Beetle Queen Conquers Tokyo

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Beetle Queen PosterI *finally* got to see this movie, after waiting almost a year–it is now available on Netflix.  It was delightful, but not at all what I expected.

The Japanese have a profoundly different relationship with insects than Westerners.  This film examines why that is, and how insects are part of Japanese culture and history. We meet characters that range from a Ferrari-driving beetle dealer to little children caring for their 6-legged pets.

The LA Times described this movie as “a meditative piece that is by turns hypnotically beautiful and painfully slow.”  The director describes the movie as “about attention to detail, patience, and ultimately harmony – all of which are so rarely present in our modern lives.”   This film does not have a linear narrative or tell a story in the way we are used to Western movies conveying information. It’s not so much a documentary as a visual poem.

The contrast of busy Tokyo with the natural world; the J-pop sound track that alternates with insect songs; all of it contributes to a sense of paradox.  This movie feels like it’s dragging at points because we are too fast and impatient.

The film begins with this quote from a Westerner living in Japan in 1890:

“The people that could find delight, century after century, in watching the ways of insects, and in making verses about them, must have comprehended, better than we, the simple pleasures of existence.”  ~Lafcadio Hearn

Cross pollination of Zen Buddism and the native Shinto religion of Japan manifested as an aesthetic appreciation of insects in centuries of poems and music.   These spiritual roots created the philosophy of Kokugaku and “mono no aware“, sometimes translated as “the pathos of things.”    This philosophy emphasizes awareness and attention to the transience of all things, and appreciation of their beauty because of their fleeting nature.  What could be more transient than an insect, or the cycles of nature?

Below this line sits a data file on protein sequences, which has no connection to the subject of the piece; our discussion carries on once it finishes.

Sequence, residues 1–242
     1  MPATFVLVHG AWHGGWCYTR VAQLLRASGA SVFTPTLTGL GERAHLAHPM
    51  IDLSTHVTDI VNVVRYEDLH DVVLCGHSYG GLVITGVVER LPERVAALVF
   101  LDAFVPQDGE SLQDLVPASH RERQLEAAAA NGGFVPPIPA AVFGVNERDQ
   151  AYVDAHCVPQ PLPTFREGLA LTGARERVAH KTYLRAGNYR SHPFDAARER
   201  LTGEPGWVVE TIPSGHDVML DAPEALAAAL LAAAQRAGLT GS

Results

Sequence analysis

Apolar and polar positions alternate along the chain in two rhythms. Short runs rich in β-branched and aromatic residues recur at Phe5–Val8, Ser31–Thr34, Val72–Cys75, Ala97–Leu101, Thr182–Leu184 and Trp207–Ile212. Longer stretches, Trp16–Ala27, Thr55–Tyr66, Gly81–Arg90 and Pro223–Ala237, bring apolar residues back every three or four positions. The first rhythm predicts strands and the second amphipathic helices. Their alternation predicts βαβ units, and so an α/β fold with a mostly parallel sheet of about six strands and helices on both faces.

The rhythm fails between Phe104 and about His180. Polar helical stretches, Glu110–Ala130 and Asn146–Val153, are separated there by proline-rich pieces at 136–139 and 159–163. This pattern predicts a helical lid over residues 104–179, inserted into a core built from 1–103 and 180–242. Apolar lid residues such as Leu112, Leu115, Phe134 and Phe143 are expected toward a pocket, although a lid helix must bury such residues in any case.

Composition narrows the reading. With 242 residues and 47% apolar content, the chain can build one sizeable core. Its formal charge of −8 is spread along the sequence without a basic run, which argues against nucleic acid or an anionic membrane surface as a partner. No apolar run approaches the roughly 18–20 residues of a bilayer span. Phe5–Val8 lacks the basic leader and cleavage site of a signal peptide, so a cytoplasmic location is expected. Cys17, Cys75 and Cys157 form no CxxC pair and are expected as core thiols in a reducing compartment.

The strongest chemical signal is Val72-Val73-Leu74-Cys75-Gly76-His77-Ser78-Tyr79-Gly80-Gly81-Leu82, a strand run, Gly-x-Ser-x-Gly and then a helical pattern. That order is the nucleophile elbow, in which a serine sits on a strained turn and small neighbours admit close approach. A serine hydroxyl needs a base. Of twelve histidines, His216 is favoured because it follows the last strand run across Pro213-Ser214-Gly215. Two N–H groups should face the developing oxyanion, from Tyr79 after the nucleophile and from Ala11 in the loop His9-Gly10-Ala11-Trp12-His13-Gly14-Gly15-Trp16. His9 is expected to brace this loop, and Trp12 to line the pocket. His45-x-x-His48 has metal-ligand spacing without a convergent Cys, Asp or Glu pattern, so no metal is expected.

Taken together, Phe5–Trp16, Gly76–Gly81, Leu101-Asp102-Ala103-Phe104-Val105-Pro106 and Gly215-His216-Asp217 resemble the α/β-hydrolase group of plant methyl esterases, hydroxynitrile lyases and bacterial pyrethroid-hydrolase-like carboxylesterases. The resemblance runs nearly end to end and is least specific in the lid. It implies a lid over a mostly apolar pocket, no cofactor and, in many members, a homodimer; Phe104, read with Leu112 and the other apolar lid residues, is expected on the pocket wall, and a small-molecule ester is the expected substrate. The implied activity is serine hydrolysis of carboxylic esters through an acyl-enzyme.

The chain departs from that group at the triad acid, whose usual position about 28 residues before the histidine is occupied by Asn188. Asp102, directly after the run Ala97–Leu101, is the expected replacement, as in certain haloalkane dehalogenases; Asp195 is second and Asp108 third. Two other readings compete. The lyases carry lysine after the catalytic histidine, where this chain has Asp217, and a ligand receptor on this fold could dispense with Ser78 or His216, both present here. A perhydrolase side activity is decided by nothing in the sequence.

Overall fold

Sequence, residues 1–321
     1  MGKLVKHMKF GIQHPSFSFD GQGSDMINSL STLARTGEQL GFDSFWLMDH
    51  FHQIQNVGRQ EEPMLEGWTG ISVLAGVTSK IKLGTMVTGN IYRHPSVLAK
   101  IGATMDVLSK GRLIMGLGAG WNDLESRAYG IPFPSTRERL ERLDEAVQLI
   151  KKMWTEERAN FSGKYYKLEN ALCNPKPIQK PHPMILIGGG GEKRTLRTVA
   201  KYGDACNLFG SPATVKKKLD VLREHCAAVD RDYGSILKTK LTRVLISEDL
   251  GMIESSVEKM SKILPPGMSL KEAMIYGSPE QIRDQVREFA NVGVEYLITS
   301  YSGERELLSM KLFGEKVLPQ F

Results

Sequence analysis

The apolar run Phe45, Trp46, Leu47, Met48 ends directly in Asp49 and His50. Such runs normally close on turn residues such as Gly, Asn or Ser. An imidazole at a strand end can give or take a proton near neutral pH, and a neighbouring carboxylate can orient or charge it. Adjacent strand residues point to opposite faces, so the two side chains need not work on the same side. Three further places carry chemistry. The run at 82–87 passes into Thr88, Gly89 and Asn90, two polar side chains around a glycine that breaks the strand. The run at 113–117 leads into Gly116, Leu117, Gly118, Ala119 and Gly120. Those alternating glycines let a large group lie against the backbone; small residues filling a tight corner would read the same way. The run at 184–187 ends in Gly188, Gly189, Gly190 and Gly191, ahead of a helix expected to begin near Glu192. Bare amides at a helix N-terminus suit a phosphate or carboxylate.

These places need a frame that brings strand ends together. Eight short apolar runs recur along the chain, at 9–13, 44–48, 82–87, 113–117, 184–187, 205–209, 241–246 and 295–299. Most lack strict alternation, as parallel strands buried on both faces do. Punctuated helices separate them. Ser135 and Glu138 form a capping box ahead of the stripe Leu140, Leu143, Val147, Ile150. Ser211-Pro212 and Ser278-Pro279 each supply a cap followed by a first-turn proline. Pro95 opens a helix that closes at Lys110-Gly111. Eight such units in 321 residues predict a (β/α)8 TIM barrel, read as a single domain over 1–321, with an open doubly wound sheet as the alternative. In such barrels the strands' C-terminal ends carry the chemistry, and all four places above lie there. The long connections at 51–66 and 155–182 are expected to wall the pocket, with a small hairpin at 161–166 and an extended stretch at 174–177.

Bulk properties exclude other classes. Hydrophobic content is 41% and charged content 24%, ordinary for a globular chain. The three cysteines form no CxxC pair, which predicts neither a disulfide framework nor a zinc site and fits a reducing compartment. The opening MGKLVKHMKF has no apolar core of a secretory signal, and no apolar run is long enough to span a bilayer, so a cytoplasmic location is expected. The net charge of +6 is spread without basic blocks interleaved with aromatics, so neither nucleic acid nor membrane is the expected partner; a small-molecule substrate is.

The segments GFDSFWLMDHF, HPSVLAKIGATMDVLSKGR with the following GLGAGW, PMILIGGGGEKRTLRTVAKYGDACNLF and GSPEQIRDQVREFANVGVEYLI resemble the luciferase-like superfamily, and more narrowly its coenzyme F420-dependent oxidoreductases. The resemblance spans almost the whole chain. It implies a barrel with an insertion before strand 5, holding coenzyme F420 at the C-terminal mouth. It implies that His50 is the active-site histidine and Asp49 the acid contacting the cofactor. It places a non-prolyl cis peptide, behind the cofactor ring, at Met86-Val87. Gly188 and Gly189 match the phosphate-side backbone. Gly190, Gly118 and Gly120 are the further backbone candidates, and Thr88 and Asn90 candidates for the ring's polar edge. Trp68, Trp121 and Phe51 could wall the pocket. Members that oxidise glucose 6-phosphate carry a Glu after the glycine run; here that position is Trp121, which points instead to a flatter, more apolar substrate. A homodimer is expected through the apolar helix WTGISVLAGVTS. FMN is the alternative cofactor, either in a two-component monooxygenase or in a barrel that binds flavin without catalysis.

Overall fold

The film is narrated in Japanese, and the narrator has an amazing voice–you can listen to her reciting some poetry from the film here.  I especially liked this one:

Always more clear and shrill,
as the hush of the night grows deeper,
the Waiting-Insect’s voice;
- and I that wait in the garden,
feel enter into my heart
the voice and the moon together.

The only staged talking-head piece is an interview with author and anatomy professor Takeshi Yoro, who talks about his love for insects:

 “If you have eyes to see and ears to hear, they will tell you something.”

Yes. Yes they will.

Shut off your computer and go outside.
Don’t come back until tomorrow.